Pembroke -- A respected member of the Upper Ottawa Valley legal, business and agricultural community, Del O’Brien, was recognized by Renfrew County Council at its February 25 meeting for his coming induction into the Ontario Agricultural Wall of Fame. He was introduced via ZOOM by Donna Campbell, secretary-treasurer of the Renfrew County Federation of Agriculture, one of the bodies which supported the nomination for the honour. Ms. Campbell noted some of the highlights of Mr. O’Brien’s career during which legal, agricultural and business interests, local as well as provincial, continued to intersect. The nomination highlighted his agricultural involvement and specifically his years of work with the Ontario Drainage Tribunal, a body which adjudicates disputes under the Ontario Drainage Act with regard to the impact of water management on farmland use. “In 1975 he was asked to establish and chair the Ontario Drainage Tribunal,” said Ms. Campbell. “As such he had a major influence on the evolution of tile drainage law in the province. In 1984 he was appointed founding chair of the Ontario Agricultural Council. And in 1994 he was appointed the official Drainage Referee for Ontario, a position he held until 2006. Now retired, he continues to operate a 500-acre organic farm along the Ottawa River with his sons.” Mr. O’Brien thanked Mrs. Campbell for her introduction, and county council for the honour and for the opportunity to speak to them. He said he would take the opportunity to leave them with a message. He told the meeting the challenges of coping with the COVID-19 virus bring with them two revolutionary opportunities for Renfrew County. “If we follow the news, we see that city living has become almost untenable,” he said. “People want to flee to the country. Renfrew County is a green area which is very inviting and has a lot to offer. “The second is the IT revolution. The internet has made it possible to work from any home. Renfrew County has severances along every road where the municipality doesn’t have to spend a nickel for services. The road, hydro, and telephone are already there, and in most cases there’s good internet. People can have a large lot with a drilled well and a septic tank. It’s green, green, green! Why do business in the city when it can be done in any home, anywhere in the country?” He said every municipality could use more children in schools and rinks, and more people in the churches. “The county’s structure was originally set up for one family on every 100 acres,” he said. “Thousands of people could be attracted to the Valley by making building lots readily available. Every real estate agent and developer can tell you the demand for lots and houses is outrageous. We’ve got to accommodate that demand and do it quickly, and not by subdivisions which take years to get in place and cost a great deal of money.” He added residential development along existing roads is completely compatible with farming today. “It’s mainly cash crops that are being produced now,” he said. “Due to Mad Cow Disease, beef operations are almost non-existent. And dairy operations are in confined housing 24/7. Planning policies are outmoded and haven’t recognized the revolutionary changes in farming. They must be brought up to date and modernized so that severances move quickly because they are needed immediately. You, the leaders of county council, can be the engine of that change. You’re in charge and you have to seize the opportunity.” Warden Debbie Robinson thanked Mr. O’Brien for his input. “You did not disappoint,” she said. “Your message is extremely timely as we’ll be discussing our Official Plan later today. It was excellent and it was heard.” She congratulated him and displayed a certificate of recognition which she plans to present to him in person when COVID-19 regulations permit. “I can assure you that, if we were doing this today in person in council chambers you would receive a standing ovation with thunderous applause,” she said. Marie Zettler, Local Journalism Initiative Reporter, The Eganville Leader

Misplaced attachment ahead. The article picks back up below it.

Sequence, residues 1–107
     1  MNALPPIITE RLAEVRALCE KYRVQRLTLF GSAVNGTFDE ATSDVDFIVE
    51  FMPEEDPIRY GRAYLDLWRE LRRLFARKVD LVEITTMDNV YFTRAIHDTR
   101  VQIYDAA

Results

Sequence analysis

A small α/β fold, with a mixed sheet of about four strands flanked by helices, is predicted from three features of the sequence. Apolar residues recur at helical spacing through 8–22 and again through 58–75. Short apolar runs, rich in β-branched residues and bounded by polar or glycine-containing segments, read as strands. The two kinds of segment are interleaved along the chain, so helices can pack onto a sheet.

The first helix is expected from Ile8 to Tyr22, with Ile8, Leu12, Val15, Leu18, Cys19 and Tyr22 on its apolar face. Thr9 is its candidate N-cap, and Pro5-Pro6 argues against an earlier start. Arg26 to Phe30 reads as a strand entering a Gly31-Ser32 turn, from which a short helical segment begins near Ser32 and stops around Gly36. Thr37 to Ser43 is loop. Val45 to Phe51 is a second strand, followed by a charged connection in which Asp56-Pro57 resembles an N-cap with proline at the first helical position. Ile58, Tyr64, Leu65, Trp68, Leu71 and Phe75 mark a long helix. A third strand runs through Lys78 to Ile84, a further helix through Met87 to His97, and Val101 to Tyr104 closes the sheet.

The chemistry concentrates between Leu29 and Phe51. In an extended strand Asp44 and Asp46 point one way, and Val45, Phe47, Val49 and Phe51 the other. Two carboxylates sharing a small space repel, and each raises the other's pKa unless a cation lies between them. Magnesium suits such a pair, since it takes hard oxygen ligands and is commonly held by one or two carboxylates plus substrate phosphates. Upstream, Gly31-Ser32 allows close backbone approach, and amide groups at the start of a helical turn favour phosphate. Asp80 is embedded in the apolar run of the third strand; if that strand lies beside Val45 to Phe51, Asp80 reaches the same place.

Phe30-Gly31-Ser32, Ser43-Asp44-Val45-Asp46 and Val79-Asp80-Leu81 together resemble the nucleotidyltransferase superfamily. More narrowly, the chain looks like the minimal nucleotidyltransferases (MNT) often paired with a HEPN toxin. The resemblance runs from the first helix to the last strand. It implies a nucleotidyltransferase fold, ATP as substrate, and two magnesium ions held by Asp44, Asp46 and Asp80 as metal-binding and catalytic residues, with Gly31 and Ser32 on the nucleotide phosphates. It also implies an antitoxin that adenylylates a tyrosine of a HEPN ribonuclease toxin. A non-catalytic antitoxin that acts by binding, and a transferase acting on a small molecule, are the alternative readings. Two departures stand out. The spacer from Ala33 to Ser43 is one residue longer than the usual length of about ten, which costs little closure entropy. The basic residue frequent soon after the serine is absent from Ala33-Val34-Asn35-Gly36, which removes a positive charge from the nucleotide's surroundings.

JACKSON, Miss. — Mississippi’s largest city is still struggling with water problems more than two weeks after winter storms and freezing weather ravaged the system in Jackson, knocking out water for drinking and making it impossible for many to even flush their toilets. Residents in the city of 160,000 are still being warned to boil any water that does come out of the faucets. “I pray it comes back on,” Jackson resident Nita Smith said. “I’m not sure how much more of this we can take.” Smith has had no water at home for nearly three weeks. Smith is concerned about her mother who has diabetes. Her mother and most of the other older people on her street don’t drive, so Smith has been helping them get water to clean themselves and flush their toilets. A key focus of city crews is filling the system's water tanks to an optimal level. But, public works director Charles Williams said Wednesday that fish, tree limbs and other debris have clogged screens where water moves from a reservoir into a treatment plant. That caused pressure to drop for the entire water system. “Today was not a good day for us,” Williams said. He said about a fourth of Jackson's customers remained without running water. That is more than 10,000 connections, with most serving multiple people. City officials on Wednesday continued distributing water for flushing toilets at several pick-up points. But they're giving no specific timeline for resolving problems. Workers continue to fix dozens of water main breaks and leaks. The crisis has taken a toll on businesses. Jeff Good is co-owner of three Jackson restaurants, and two of them remained closed Wednesday. In a Facebook update, Good said the businesses have insurance, but he’s concerned about his employees. “We will not be financially ruined,” Good wrote. “The spirits of our team members are my biggest concern. A true malaise and depression is setting in." Mississippi's capital city is not alone in water problems. More than two weeks have passed since the cold wave shut down the main power grid in Texas, leaving millions in freezing homes, causing about 50 deaths and disabling thousands of public water systems serving those millions. Four public water systems in Texas remained out of commission Wednesday, affecting 456 customers, and 225 systems still have 135,299 customers boiling their tap water, according to the Texas Commission on Environmental Quality. Also, 208 of the state’s 254 counties are still reporting public water system issues. Bonnie Bishop, 68, and her husband, Mike, 63, have been without water at their Jackson home for 14 days. Both have health problems. She's recovering after months in the hospital with the coronavirus. She's home but still in therapy to learn how to walk again and deals with neuropathy in her hands and feet. She has not been able to soak her feet in warm water, something that usually provides relief for the neuropathy, or to help her husband gather water to boil for cooking for cleaning. Mike Bishop just had elbow surgery. The first week the couple was without water, he still had staples in his arm and was hauling 5-gallon containers from his truck, his wife said. Bonnie Bishop said she told him not to strain himself, but he wouldn’t listen. They feel they have no choice. On Monday, the couple drove 25 miles (40 kilometres) to Mike’s mother’s house to do laundry. Jackson's water system has not been able to provide a sustainable flow of water throughout the city since the mid-February storms, city officials say. The system “basically crashed like a computer and now we’re trying to rebuild it,” Williams said at a recent briefing. The city's water mains are more than a century old, and its infrastructure needs went unaddressed for decades, Democratic Mayor Chokwe Antar Lumumba has said. “We more than likely have more than a $2 billion issue with our infrastructure,” he said. Jackson voters in 2014 approved a 1-cent local sales tax to pay for improvements to roads and water and sewer systems. On Tuesday, the city council voted to seek legislative approval for another election to double that local tax to 2 cents a dollar. Republican Gov. Tate Reeves would have to agree to letting Jackson have the tax election. “I do think it’s really important that the city of Jackson start collecting their water bill payments before they start going and asking everyone else to pony up more money,” Reeves said Tuesday. Jackson has had problems for years with its water billing system and with the quality of water. Melanie Deaver Hanlin, who was without water for 14 days, has been flushing toilets with pool water and showering at friends’ homes. She said Jackson’s water system “needs to be fixed, not patched.” “That’s the issue now — poor maintenance for far too long," Hanlin said. "And Jackson residents are paying the price.” ___ Associated Press writer Terry Wallace contributed from Dallas. Martin reported from Marietta, Georgia. Jeff Martin, Leah Willingham And Emily Wagster Pettus, The Associated Press